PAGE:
A Reagan Country & Celebration
James Michael Pratt
We are at a crossroads leading to greater freedom or more government control as we celebrate the 100-year anniversary of Ronald W. Reagan’s birth. Even Barack Obama intuits that studying and channeling Reaganesque speak, attitude, and likability is the only chance he may have of rescuing a 2012 re-election bid.
Since 2009 Americans have risen from passive participation in elections to grassroots active proclamations that we are a Reagan country and not an Obama nation. Interviewing these Americans at rallies for two years leaves me with the opinion that the American people will elect a person and legislature more Reagan-like in tone and principle in 2012. Here’s why:
The 2010 elections evidence a deep public hunger for men and women who cherish traditional values and constitutional guarantees of freedom, and who will behave with an optimistic belief in them; the kind Reagan offered as their servant.
Reagan offered his commitment and vision of what an American should be in his famous Goldwater speech of 1964, adding his favorite line from the Declaration of Independence:
You and I have a rendezvous with destiny; we’ll meet the challenge in the days ahead or we’ll trail in the dust as the golden hope of mankind for years to come. Are we a different breed of American? Has life become so dear and peace so sweet as to be purchased at the price of chains of slavery? Or, will we ‘pledge our lives and our sacred honor?’
In the course of my research surrounding conservative values and constitutional governing, I have interviewed both former Lt. Governor, John Harmer, author of Reagan, Man of Principle, and Edwin Meese III, former US Attorney General and author of The Heritage Guide to the US Constitution.
Mr. Harmer stated that whenever Reagan quoted the line including the words “to pledge our lives and sacred honor,” a noticeable emotion filled his voice. His years of conduct as a governor and president, including taking a bullet in 1981, evidenced this personal belief to an American public.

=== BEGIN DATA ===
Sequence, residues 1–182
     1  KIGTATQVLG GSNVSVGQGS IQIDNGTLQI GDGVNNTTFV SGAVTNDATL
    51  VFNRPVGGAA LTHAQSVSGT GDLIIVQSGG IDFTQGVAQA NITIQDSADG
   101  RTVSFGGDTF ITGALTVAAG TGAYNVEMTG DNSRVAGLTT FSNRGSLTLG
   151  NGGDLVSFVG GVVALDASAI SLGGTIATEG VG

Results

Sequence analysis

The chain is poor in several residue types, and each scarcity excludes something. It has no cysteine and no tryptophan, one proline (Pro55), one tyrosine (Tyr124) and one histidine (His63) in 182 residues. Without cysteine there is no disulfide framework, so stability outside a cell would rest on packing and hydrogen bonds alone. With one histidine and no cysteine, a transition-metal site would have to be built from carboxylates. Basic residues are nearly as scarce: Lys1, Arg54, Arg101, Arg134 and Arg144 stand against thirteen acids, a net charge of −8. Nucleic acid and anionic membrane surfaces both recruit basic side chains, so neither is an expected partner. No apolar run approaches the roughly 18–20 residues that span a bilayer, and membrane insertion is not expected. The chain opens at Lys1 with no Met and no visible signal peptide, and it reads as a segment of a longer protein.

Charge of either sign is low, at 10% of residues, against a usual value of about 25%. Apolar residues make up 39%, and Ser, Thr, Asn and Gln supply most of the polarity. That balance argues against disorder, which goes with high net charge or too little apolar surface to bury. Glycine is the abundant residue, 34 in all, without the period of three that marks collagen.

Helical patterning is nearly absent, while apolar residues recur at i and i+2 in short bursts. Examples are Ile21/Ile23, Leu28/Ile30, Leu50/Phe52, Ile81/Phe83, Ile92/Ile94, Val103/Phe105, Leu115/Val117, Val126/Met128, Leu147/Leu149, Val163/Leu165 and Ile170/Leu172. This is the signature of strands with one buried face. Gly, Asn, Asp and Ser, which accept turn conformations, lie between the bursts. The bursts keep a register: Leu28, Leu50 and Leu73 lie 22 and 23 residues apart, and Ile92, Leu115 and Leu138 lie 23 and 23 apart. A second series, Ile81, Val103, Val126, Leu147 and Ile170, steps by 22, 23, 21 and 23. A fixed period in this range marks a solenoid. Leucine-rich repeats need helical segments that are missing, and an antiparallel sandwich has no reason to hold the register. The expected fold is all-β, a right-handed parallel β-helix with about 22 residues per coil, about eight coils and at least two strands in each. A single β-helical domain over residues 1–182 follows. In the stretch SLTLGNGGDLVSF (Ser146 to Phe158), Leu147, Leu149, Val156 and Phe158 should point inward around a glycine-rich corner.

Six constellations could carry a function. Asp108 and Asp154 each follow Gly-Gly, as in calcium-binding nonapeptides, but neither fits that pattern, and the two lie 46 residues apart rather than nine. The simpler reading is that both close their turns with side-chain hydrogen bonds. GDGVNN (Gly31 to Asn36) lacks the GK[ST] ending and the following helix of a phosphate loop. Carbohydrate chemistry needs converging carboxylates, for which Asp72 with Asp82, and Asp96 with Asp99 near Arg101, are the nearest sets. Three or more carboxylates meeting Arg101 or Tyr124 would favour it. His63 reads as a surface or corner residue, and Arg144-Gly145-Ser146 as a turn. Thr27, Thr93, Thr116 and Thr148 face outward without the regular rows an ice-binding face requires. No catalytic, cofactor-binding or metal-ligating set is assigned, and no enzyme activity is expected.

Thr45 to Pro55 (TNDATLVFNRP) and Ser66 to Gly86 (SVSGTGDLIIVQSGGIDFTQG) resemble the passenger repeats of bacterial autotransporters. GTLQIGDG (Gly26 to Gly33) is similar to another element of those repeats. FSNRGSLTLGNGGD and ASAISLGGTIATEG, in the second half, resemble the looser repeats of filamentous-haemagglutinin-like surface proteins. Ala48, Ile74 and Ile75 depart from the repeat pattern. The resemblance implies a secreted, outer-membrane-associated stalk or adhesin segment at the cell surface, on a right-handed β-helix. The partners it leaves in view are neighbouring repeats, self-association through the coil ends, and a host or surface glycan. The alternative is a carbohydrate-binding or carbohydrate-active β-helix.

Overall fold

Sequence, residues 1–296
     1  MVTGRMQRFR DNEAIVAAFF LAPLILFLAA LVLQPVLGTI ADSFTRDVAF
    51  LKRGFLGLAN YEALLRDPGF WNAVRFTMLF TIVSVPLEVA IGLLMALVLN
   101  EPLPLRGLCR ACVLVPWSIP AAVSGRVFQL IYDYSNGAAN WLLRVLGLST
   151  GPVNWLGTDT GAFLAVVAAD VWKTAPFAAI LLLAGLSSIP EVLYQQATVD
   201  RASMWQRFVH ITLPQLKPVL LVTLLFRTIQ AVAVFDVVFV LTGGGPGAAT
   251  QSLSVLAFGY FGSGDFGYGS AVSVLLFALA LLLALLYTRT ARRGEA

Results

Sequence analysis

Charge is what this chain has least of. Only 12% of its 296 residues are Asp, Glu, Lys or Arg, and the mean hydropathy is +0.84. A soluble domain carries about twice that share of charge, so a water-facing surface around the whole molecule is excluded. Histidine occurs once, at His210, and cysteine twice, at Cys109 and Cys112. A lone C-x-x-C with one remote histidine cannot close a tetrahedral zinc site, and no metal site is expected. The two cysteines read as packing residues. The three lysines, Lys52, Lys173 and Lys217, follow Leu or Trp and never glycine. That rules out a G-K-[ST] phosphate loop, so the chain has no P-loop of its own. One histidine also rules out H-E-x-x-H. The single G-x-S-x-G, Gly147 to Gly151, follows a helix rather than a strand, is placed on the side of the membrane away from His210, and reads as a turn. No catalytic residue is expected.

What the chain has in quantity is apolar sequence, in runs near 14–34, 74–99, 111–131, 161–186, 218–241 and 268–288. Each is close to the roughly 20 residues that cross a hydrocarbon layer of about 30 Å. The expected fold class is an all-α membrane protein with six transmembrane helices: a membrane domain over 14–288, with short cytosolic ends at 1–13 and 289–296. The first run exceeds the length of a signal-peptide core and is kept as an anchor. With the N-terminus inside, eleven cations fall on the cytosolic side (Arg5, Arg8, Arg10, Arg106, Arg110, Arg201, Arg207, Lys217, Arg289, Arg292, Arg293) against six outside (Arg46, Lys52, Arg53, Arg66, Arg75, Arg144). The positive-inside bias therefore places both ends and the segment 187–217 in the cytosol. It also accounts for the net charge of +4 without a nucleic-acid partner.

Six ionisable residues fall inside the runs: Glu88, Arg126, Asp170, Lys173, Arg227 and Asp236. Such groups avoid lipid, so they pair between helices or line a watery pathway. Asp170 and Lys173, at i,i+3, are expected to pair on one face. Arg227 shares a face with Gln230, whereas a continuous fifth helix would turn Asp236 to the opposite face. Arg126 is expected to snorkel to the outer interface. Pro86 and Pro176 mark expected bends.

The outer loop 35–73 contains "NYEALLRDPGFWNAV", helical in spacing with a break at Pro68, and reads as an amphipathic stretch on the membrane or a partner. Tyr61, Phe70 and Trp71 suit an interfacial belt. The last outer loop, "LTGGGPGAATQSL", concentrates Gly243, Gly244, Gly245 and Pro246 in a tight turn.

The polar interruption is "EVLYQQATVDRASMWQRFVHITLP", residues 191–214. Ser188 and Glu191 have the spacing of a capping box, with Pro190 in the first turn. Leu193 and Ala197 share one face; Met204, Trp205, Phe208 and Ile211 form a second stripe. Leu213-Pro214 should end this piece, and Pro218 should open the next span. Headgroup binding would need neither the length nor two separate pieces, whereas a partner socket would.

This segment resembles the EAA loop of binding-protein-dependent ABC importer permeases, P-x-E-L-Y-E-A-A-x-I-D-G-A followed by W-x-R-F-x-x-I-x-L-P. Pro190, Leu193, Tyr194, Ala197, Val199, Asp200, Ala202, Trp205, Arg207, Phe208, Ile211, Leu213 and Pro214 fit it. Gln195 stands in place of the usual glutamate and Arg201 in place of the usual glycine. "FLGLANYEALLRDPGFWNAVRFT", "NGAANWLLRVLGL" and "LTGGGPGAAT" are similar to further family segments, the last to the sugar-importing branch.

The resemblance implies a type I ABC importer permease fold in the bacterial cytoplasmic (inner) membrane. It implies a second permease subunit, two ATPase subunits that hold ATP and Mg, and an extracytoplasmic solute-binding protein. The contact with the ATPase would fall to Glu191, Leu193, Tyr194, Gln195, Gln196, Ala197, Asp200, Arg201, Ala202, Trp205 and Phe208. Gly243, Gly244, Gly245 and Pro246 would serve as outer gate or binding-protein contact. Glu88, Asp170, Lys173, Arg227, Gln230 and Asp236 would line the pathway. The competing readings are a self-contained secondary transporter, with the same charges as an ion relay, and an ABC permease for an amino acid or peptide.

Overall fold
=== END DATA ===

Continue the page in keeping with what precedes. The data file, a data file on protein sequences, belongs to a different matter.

I asked Mr. Meese about a Reagan versus Obama attitude on the Constitution and he very forthrightly offered this:
“Obama’s idea of the Constitution is more like those I believe in Europe where under their ideas of government people cannot do anything unless permitted by the government. Ronald Reagan’s idea of government is people could do anything they please as long as it doesn’t violate the Constitution.”
Ronald Reagan further clarified his feelings succinctly, exclaiming:
“The US Constitution is a document where we the people tell the government what it is allowed to do. We the people are free.”
The people knew an optimistic Reagan who offered hope for a change back to expansion of personal liberty, limiting government to its fundamental constitutional role, fiscal responsibility, and empowering the states where governing is always done best – at the local level. He understood the empowering entrepreneurial drive epitomized by American exceptionalism. Obama’s two years in office evidences hope for a change to the opposite and in his words, “A fundamental transformation of America as we know it.”
Reagan knew how to appeal to the American spirit and love for constitutional guarantees. He proclaimed an imagery of freedoms’ polar opposite with these lines from the same Goldwater speech of 1964:
“‘Daniel Webster said, ‘Hold on, my friends, to the Constitution of the United States of America and to the Republic for which it stands. Miracles do not cluster. What has happened once in six thousand years may never happen again. Hold on to your Constitution for if the Constitution shall fall, there will be anarchy throughout the world.’
It has been said that if we lose this way of ours, this traditional freedom, history will report with the greatest astonishment that those who had the most to lose, did the least to prevent it happening.”
What Reagan had was principle and honor backed by sixteen years of action and proof as a chief executive officer of a state then a nation. What Obama has is a record of teleprompter shattering talk with style but no substance.
People are looking for the next Reagan. The next President of the United States will be elected based upon how close to a Reagan “gold standard” for conduct, principle, conservatism and constitutional governing he or she can come; I guarantee it.
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James Michael Pratt is a New York Times bestselling novelist of Hallmark Hall of Fames’ The Lost Valentine, a non-fiction author, CEO of PowerThink Publishing, public speaker, Op Ed writer for The Daily Caller, and Founder of Reagan Revolution 2. His creative work may be reviewed at www.jmpratt.com. Email: firstname.lastname@example.org